eBay.co.uk Changes: Shops, SIF and BIN

eBay have announced another raft of changes today, this time to fees and selling formats. As ever, there’s dense detail, unanswered questions and a great dea of speculation. Sellers will be getting calculators out to try and understand whether these changes advantage them. They’ll also need to work out how they can adapt and make the most of the changes when they roll out on September 24th.

When considering the changes, I think it’s worth remembering a few things:

– Buy it Now listings are still growing on eBay and represent 43% of sales. Recent results have been lack-lustre.
– Amazon is going great guns. The third-party marketplace where businesses sell goods on Amazon is a rip-roaring success and it’s anencroachment on eBay’s territory.

The Changes in a Nutshell

Simplification of selling formats. Previously there have been auction and Buy it Now (BIN) formats. BINs could be single items, multiple items or Shop Inventory Format (SIF). SIF was available to eBay sellers who owned an eBay Shop and SIF was cheaper than a BIN, but less visible in search.

Under the changes there’s now only one BIN format, good for single or multiple items. SIF will disappear altogether. This new BIN format will last for 30 days (SIF could last for for 30, 60, 90 day or be Good til cancelled. Normal BINs could last a maximum of 10 days) and will cost a flat rate of 40p, regardless of the value or number of items for sale and be fully visible in Search. The new BIN will not be visible internationally (ie UK BINs will not show on eBay.com). BIN FVFs will increase slightly (apart from on items that sell for more than £600) and range between 9.9% and 1.9%.

An eBay Shop still has value: it’s how you can get BIN listing fee reductions but Shops subs have increased. A basic Shop rises to £14.95 (from £6) and your BIN listing fee will be halved to 20p, a featured Shop rises from £30 to £49.95 and nets a 5p BIN insertion fee, and an anchor shop will cost £349.95 (up from £300) and a BIN will only cost a penny to subscribers.

For the new BINs, the new changes to search known as ‘Best Match will not rely on ‘Item Ending Soonest’ as the dominant search criteria. Rather, the seller’s feedback DSRs (Detailed Seller Ratings) will be critical. In a new development, listings that have generated a sale will enjoy greater prominence.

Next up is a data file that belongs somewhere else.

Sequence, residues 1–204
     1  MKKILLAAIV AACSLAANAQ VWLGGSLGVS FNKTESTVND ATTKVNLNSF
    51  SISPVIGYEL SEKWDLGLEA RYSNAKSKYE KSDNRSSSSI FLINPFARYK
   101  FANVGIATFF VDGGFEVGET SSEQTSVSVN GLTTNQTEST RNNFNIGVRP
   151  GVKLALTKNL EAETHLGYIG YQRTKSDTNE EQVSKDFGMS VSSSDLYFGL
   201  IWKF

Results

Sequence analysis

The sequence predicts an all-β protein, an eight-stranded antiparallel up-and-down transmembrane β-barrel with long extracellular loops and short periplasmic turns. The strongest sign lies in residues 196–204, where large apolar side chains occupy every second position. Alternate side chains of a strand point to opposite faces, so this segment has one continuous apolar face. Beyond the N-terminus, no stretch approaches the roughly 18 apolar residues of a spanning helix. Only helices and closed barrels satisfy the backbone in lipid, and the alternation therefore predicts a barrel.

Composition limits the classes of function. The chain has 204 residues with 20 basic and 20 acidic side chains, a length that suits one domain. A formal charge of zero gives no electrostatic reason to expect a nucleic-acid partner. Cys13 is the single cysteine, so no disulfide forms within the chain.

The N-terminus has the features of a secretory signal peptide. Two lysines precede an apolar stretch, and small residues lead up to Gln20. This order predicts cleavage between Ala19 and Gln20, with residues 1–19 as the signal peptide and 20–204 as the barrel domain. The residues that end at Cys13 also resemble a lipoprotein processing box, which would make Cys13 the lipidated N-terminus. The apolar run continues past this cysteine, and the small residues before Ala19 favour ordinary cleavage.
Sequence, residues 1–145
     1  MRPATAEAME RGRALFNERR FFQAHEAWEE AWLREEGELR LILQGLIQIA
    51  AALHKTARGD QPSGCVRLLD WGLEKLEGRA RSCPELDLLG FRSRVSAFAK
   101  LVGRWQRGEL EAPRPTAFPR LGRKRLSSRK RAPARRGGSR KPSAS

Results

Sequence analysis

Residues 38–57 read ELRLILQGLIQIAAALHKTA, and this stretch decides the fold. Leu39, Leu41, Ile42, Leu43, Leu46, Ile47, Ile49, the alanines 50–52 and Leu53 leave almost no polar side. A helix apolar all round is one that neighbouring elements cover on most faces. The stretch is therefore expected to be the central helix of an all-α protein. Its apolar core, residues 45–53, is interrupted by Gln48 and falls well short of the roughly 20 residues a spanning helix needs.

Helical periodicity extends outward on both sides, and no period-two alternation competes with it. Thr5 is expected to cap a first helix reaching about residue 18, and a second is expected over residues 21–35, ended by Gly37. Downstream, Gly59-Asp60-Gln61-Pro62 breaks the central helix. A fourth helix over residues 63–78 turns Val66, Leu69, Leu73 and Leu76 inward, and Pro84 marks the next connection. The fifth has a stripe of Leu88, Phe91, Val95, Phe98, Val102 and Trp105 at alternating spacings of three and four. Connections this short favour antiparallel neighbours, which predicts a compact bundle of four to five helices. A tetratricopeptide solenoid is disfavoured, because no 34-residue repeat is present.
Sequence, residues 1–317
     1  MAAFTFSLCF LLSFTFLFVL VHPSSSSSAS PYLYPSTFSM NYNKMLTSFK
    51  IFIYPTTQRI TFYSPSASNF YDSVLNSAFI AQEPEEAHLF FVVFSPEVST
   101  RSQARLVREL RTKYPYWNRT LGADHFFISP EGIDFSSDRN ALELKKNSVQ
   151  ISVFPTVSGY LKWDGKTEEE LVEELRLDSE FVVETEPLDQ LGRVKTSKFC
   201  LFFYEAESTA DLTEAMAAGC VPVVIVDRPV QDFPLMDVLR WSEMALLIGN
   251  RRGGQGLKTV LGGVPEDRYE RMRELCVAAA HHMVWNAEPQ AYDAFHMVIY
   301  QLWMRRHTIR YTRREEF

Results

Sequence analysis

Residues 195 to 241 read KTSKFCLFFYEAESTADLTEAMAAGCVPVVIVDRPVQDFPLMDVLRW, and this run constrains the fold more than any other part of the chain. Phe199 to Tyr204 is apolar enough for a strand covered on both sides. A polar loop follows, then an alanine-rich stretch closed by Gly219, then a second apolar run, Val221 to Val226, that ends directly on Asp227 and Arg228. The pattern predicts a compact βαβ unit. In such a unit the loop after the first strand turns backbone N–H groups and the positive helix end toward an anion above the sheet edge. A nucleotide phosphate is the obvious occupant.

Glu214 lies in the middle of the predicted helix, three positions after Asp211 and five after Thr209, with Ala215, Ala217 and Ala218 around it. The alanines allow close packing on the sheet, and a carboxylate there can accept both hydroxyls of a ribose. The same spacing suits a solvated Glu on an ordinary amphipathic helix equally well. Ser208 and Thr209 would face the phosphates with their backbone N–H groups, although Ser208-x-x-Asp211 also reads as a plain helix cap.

Gallery will be free. Notwithstanding the 1p promo that’s been held over the summer, this is a reduction from 15p and good news for buyers and sellers.

Auction insertion fees will remain the same. There will be some minor changes to auction Final Value fees. Tech and Media listing fees are being reduced but FVFs are unchanged. Featured First will be a new feature aimed at sellers who want to buy greater prominence in search.

For more details, there’s a good digest of the changes on Tamebay. The Guardian and Businessweek have also made useful comments. eBay’s official pages are here.

What does this mean?

BIN becomes the de facto default listing format on eBay. Whilst it’s hardly the death of the auction, when you’re selling and making a choice of format, the 30 day BIN listing for 40p represents extraordinary value. I can see sellers who might otherwise use auctions, using BIN because it’s such a good deal for 30 days exposure. eBay is clearly taking the fight to Amazon but Amazon’s Search is superior when it comes to commodity style sales (and postage is fixed) so eBay has to do it better in some way. I’ve recently given up trying to find what I want on eBay and gone to Amazon because the finding experience was, frankly, poor and tricky. From a selling perspective, Amazon makes selling such items easier with a simpler listing process and better catalogues.

These changes are bad news for volume sellers of low value items. These are sellers, in categories such as crafts, who represent a loyal army of customers, who have been successfully using their Shop to merchandise their huge inventories. It’s difficult to see how these guys can continue to operate with such tight margins without the very low SIF fees. It’s quite easy to see why so many are complaining that eBay doesn’t want small sellers such as themselves any more.

Retailers, who have multiple items and a selection of key lines, will love these changes. Indeed, if you were a big High Street chain who wanted to tap into eBay, this is what you’d want to help you punt out your inventory. It will also benefit those sellers who have successfully been combining SIF and BINs to sell new and in-season goods.

So, buyers have been served well by changes to Feedback earlier in the year. BIN sellers will (broadly) like today’s announcements. It’s time to look after the auction sellers, especially those in collectables, antiques and the like. These categories are what give eBay the colour, sense of fun and amusement that has been critical in generating such a loyal following. Many will be feeling a bit bruised and unloved. Many have commented that eBay doesn’t want them because it’s trying to ditch the ‘car boot sale’ image but these guys are critical. Rather like the locals propped up at the bar in your local, they are dependable and you need them when times get tough.

Sellers have had to swallow several very large, very stodgy servings of change this year. Most are willing to evolve and be nimble and imaginative but it is disruptive to their operations. I think most would appreciate a period of calm, especially in the run up to Christmas 2009.

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